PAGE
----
Strata-East went on to release more than 50 albums in its day including the popular “Winter In America” by Gil Scott-Heron, but the masters Clifford Jordan contributed were what helped propel it into becoming an actual label. To really feel the fervor of the times, they are an essential addition to any collection.


Don Cherry, tp; Julian Priester, tb; Clifford Jordan, ts; Wynton Kelly, p; Wilbur Ware, Richard Davis, b; Albert Heath, d.
TownSound Studios, Englewood, NJ, Spring 1969
Vienna Strata-East SES 1972-1
Doug’s Prelude –

Kenny Dorham, tp; Julian Priester, tb; Clifford Jordan, ts; Wynton Kelly, p; Wilbur Ware, Richard Davis, b; Roy Haynes, Ed Blackwell, d.
TownSound Studios, Englewood, NJ, Spring 1969
Ouagoudougou Strata-East SES 1972-1
872 –
Kenny Dorham, tp; Cecil Payne, bari; Wynton Kelly, p; Wilbur Ware, b; Albert Heath, d.
TownSound Studios, Englewood, NJ, December 16, 1968
Martin Luther King, Jr./I Know Love Strata-East SES 1973-4
Girl, You Got A Home -1 –
Slide Hampton -2 –
Follow Me –
Flying Fish –

-1 Kelly plays organ as well as piano
-2 Payne plays alto sax as baritone
Don Cherry, tp; Charles Brackeen, ts; Charlie Haden, b: Ed Blackwell, d.
TownSound Studios, Englewood, NJ, January 26, 1968
Rhythm X Strata-East SES 1973-6
Hour Glass –
Charles Concept –
C. B. Blues –
(D1) Don Cherry-tp; Luqman Lateef-ts; Wilbur Ware-b; Ed Blackwell-d.
TownSound Studios, Englewood, NJ, January 1968
That Moment of Glance Strata-East SES 1974-14 (never issued)
Farid –

(D2) Ed Blackwell-d, log d; Billy Higgins-d; Dennis Charles-d; Roger Blank-log d; Huss Charles-cga; Clifford Jordan, log d.
TownSound Studios, Englewood, NJ, January 1968
Drum Expose Strata-East SES 1974-14 (never issued)
The Eternal Rhythm –
In Walked Buhaina –
Shades Of General Lofty –
Sonny Fortune, fl, as: Pharoah Sanders, ts, fl, perc, vcl; Howard Johnson, tu; Lonnie Liston Smith, p; Sonny Sharrock, g; Cecil McBee, Sirone (Norris Jones), b; Billy Hart, Majeed Shabazz, d; Chief Bey, African d; Nat Bettis, Tony Wylie, perc; Leon Thomas, vcl, perc.
TownSound Studios, Englewood, NJ, January 14, 1969
Prince Of Peace Strata-East SES 1973-3
Balance –
Izipho Zam –
Don Cherry, tp; Clifford Jordan, ts; Wilbur Ware, b: Ed Blackwell, d.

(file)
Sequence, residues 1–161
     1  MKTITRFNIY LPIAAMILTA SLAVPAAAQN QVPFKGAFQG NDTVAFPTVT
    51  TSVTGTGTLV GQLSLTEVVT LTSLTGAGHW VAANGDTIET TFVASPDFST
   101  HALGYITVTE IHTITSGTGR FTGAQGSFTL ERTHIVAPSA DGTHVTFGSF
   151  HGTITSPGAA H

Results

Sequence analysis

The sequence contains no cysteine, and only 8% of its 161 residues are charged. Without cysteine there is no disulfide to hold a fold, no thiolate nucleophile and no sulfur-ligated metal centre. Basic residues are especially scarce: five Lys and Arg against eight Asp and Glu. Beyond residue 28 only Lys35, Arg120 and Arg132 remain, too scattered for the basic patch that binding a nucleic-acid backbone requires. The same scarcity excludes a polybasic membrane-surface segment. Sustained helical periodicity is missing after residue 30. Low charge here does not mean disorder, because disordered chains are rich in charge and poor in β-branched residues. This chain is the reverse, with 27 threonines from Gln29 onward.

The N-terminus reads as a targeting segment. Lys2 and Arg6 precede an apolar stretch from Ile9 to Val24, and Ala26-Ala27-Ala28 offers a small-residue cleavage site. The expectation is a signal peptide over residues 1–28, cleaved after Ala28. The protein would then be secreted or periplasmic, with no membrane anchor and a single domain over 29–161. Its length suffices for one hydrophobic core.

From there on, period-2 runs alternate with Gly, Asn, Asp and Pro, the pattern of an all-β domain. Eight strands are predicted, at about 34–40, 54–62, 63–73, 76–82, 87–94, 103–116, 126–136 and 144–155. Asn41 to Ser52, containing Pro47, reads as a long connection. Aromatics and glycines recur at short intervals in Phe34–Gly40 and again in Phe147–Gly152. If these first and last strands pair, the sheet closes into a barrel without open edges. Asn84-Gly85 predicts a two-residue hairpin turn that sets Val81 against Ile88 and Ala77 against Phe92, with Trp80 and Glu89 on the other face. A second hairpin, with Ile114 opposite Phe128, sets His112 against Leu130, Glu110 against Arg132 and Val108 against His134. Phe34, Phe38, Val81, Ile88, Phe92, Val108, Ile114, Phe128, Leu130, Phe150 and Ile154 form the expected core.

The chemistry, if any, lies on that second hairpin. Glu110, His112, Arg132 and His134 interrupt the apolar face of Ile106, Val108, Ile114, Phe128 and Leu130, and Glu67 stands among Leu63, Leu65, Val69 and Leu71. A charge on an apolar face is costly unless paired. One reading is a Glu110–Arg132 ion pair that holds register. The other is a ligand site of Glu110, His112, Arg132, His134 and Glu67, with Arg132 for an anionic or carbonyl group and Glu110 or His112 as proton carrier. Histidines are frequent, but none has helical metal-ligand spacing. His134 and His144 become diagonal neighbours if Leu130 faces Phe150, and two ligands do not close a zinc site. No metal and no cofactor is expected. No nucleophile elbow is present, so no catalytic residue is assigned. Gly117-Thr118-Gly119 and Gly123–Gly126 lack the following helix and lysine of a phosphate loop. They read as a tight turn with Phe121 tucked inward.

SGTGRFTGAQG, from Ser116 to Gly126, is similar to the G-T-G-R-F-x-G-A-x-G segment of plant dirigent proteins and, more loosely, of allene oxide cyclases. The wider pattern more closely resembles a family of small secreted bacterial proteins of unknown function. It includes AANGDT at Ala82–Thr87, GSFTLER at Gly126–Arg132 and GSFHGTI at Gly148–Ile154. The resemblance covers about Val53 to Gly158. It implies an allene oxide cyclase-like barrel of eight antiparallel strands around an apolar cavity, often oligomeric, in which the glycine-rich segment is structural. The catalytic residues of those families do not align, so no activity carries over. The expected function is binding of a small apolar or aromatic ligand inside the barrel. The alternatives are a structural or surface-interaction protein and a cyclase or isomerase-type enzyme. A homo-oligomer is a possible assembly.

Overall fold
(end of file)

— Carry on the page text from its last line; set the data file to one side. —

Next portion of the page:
TownSound Studios, Englewood, NJ, January 1968
Mod House WWI 1201CD
Mod House (incomplete alternate take) –
Symphony For JR –
Wilbur’s Red Cross –
A Real Nice Lady –
For Frazier, Felicia, Veneida & Bernard –
For Frazier, Felicia, Veneida & Bernard (alternate take) –
By Myself (Ware only) –
Wilbur Reflects (Ware talking) –

Note: Although recorded for Clifford Jordan’s Dolphy Series, this album was not released until 2012 by the Wilbur Ware Institute.
(G1) QUARTET 1: Clifford Jordan, ts; Stanley Cowell, p; Bill Lee, b; Billy Higgins, d.
Minot Sound Studio, White Plains, NY, October 29, 1973
Powerful Paul Robeson Strata-East SES-1973-7/8
Cal Massey –
John Coltrane -1 –
Eddie Harris –
Biskit –
Maimoun –
Alias Buster Henry –

-1 vocals by Clifford Jordan, Bill Lee and Billy Higgins.

(G2) QUARTET 2: Clifford Jordan, ts; Cedar Walton, p; Sam Jones, b; Billy Higgins, d.
Minot Sound Studio, White Plains, NY, October 29, 1973
The Glass Bead Games Strata-East SES-1973-7/8
Prayer To The People –
Shoulders –
Bridgework –
One For Amos –

Produced for release by Michael Cuscuna
Executive producer: Sandy Jordan
Original sessions produced by Clifford Jordan
Frontier Press executive producer Harvey Brown

Recording engineers: Orville O’Brien (A-F) and Ron Carran (G)

Remastered by Malcolm Addey at the Malcolm Addey Studio, New York City.

Design Production: InkWell, Inc.
Photographs by Martin Bough

Special thanks to Charles Tolliver, Martin Bough, Gloria Ware and Alvin Fielder for all their help in realizing this project.
Clifford Jordan – “In The World” ? 1972 Strata-East Records
Pharoah Sanders – “Izipho Zam” ? 1973 Strata-East Records
Charles Brackeen – “Rhythm X” ? 1973 Strata-East Records
Clifford Jordan – “Glass Bead Games” ? 1974 Strata-East Records
Cecil Payne – “Zodiac” ? 1976 Strata-East Records
Wilbur Ware – “Super Bass” (p) 2012 Wilbur Ware Institute Inc.

This compilation (p) 2013 Estate Of Clifford Jordan under license to Mosaic Records L.L.C.
© 2013 Mosaic Records L.L.C., 425 Fairfield Ave., Suite 421, Stamford, CT 06902. All rights reserved.
Phone: 203-327-7111/Fax 203-323-3526/ Website:

Producer’s Note:
This set of recordings which Clifford Jordan produced for Frontier Press in 1968 and ’69 has fascinated me since they were first released in the early ‘70s on Strata-East in what Clifford called the Dolphy Series.
The musicians he chose to record were an interesting generational mix from people like Cecil Payne and Kenny Dorham who came of age in the ‘40s to men like Pharoah Sanders, Charles Brackeen and Don Cherry who were cutting edge in the ‘60s.
It has long been a goal of mine to get this interesting body of work, including Clifford’s masterpiece “Glass Bead Games” which was recorded four years later, released in one place at one time.
In the late ‘70s, Clifford expressed a desire to sell these masters and enlisted my help. Nothing ever came of it but some interesting facts came to light at the time. Clifford gave me the details of two enticing, unreleased sessions led by Wilbur Ware and Ed Blackwell. One of the first sessions done was a Don Cherry quartet session with Clifford, Wilbur Ware and Ed Blackwell, but Clifford told me that Don Cherry was unhappy with the results. No trace of the tapes exists today and we assume that they were eventually scrapped.